The crucial updates
Do you remember Gerhard Schröder? The ex-Chancellor of Germany may be best known for his various policies and four wives but to me he’ll always be the guy who swapped the obligatory black Merc for an Audi A8. My family was equally impressed and to this day we still refer to any A8 as a “Schröder Auto”.
German top brass have been diligently swapping cars to show support of all their manufacturers because they all embody big luxury, excellent technology and understated style. The S-Class has traditional comfort, the Seven Series is bold and sporty while I believe the A8 sits somewhere in between.
The A8 can trace its roots back to the early eighties and the Audi V8, Ingolstadt’s first attempt at a large saloon which wowed the world with big power and Quattro all-wheel-drive. Mid-nineties it officially became the A8, followed by another generation in 2002 and this one in 2009.
So what you’re looking at now is not a new-new A8 but simply the existing model with crucial updates midway through its life cycle. In a nutshell, these include new lights and minor body work, updated interior trims and technology, as well as improved drive trains to re-shuffle the model line-up.
Those new headlights and slight body tweaks give Audi’s A8 a more taught and compact appearance than its dimensions suggest. At 5.14m length, 1.95m width and 1.46m height, it can easily compete with other big sedans and offer exceptional interior space; especially when ordered with an “L” behind its badge.
Its cabin also houses exclusive materials and excellent build quality which, rejoice, can be ordered in different colours and trims with “Audi design selection” giving discerning buyers even more choice. The MMI navigation and infotainment system now also features a touch-pad for the creative amongst us.
Standard kit on all models includes 360° cameras and pre-sense driver assist, a clever parking system, Bose speakers, mobile internet, Google maps, keyless everything, auto everything else and electric absolutely everything. Long wheelbase models also offer a rear entertainment system and panoramic sunroof.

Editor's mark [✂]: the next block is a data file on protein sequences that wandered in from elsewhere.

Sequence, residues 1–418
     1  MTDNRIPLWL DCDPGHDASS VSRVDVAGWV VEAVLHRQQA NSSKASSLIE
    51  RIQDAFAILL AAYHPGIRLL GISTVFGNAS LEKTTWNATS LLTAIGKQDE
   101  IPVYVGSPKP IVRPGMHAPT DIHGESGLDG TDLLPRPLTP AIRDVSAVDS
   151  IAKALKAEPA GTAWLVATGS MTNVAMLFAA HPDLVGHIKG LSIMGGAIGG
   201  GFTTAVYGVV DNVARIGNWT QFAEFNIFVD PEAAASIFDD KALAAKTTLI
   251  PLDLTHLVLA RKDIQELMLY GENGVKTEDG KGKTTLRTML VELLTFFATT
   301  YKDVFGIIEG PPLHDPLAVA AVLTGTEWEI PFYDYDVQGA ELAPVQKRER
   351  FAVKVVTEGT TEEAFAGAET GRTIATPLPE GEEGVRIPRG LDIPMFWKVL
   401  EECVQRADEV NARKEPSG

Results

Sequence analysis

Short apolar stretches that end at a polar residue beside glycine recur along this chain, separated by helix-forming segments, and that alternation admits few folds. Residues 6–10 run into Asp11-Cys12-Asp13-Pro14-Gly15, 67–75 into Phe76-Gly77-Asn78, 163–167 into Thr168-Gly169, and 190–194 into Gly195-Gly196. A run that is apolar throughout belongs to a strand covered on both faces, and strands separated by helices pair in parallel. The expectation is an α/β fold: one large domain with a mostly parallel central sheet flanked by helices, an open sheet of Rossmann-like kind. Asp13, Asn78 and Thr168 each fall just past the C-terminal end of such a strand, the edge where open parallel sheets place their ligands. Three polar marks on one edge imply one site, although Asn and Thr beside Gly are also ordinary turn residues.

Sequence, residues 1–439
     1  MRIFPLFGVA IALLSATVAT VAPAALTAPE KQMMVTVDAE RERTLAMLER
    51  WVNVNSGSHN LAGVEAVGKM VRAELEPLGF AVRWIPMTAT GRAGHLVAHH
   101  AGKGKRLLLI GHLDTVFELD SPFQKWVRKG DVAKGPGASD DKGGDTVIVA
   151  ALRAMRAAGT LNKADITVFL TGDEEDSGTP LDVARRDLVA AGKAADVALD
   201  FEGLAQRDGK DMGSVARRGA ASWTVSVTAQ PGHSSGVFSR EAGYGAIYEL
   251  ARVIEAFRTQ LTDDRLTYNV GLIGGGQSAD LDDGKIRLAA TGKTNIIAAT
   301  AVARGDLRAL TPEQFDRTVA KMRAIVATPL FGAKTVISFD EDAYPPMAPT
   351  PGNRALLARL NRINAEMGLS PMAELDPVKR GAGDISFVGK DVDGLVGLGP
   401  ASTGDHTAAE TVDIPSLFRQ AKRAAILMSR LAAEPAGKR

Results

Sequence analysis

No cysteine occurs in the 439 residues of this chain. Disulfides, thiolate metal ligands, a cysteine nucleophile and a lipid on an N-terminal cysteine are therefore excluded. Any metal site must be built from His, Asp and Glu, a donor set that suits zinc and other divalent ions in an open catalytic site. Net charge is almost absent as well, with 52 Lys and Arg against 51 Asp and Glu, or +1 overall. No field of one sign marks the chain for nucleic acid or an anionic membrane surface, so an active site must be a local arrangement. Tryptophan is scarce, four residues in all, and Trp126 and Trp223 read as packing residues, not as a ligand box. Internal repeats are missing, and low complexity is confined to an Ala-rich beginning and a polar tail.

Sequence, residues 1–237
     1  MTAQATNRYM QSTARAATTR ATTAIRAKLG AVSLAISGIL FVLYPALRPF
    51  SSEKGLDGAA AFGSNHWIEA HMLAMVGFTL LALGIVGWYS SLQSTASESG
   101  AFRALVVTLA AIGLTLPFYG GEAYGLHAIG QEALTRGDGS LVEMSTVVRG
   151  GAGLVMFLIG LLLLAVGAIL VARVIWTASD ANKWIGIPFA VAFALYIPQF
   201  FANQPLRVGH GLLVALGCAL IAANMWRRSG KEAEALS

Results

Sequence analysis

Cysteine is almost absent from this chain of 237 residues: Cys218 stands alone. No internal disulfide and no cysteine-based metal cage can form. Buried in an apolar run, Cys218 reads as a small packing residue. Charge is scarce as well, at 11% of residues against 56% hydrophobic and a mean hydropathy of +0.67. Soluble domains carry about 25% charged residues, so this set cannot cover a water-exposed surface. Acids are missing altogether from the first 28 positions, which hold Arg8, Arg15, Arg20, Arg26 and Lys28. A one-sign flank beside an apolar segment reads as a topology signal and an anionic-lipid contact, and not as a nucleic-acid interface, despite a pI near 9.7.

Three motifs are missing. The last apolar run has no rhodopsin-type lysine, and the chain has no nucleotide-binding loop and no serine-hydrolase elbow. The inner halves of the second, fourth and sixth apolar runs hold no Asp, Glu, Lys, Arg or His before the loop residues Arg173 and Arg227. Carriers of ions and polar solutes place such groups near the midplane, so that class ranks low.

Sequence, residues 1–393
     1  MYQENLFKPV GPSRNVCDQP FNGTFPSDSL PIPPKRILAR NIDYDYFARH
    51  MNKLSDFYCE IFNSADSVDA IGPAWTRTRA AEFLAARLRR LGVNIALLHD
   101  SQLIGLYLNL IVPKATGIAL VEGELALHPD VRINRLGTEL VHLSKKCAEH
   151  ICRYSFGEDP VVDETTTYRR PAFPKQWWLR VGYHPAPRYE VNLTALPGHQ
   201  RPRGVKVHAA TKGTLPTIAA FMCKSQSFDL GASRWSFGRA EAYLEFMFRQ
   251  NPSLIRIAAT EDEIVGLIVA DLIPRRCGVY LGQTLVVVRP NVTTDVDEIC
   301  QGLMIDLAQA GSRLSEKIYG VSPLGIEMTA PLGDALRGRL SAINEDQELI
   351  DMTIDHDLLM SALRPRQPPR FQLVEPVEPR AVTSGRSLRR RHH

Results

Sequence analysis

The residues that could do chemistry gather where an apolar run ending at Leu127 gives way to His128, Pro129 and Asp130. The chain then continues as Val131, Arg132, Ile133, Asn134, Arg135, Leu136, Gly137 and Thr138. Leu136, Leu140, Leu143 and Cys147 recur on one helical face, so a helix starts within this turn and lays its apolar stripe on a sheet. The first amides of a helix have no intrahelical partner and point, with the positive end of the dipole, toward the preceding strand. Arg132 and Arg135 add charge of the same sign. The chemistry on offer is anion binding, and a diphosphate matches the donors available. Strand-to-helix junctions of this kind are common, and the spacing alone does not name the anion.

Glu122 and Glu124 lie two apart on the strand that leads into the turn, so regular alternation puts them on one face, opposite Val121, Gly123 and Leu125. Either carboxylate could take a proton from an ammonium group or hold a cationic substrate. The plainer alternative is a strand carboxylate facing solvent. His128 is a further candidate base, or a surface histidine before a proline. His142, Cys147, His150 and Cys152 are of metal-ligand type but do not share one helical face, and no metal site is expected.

Audi is quick to point out that the big car feels light and maneuverable on its tyres, and I agree, thanks in part to its Audi Space Frame construction. The body is almost entirely made out of aluminium and weighs just 231kg, a figure which helps most A8 models to roll off the scales near or below 2,000kg.
Casual observations we made at the A8’s launch is that its front end has lost most of its bulky presence in favour of a sleeker, cleaner face. In profile, the car disguises its size reasonably well with huge wheels. Big, flush exhaust outlets and sweeping, directional LED indicators accentuate its rump.
The headlights come in either full Xenon or full LED technology with an optional Matrix LED system which keeps lighting at its optimum without blinding other road users. Its 25 individually operating LED’s can produce thousands of light beam combinations, use navigation data and recognize up to nine vehicles.
Two diesels start the range – A8 3.0 (V6) TDi Quattro and A8 4.2 (V8) TDi Quattro – with two petrol models arriving next month: the sportier S8 and flagship W12 long wheel base. All TDi A8’s can be ordered in normal or long wheelbase while VIP buyers may take delivery of the armored “Security” models later this year.
The V6 TDi produces 190kW and 580Nm, its V8 sibling (the only TDV8 sedan in S.A.) makes 283kW and a colossal 850Nm. Claimed consumption is 5.9L/100km (V6) and 7.4L/100km (V8). All cars are equipped with an eight-speed automatic gearbox, shift paddles, air suspension and multi-stage drive mode selector.
Prices are N$1,101,500 for the 3.0 TDi Quattro and N$1,390,000 for a 4.2 TDi Quattro, the LWB versions costing N$1,257,500 and N$1,545,500 respectively. That’s pretty much what the competition charges so your choice will probably come down to personal taste. Unless you’re the German Chancellor, of course.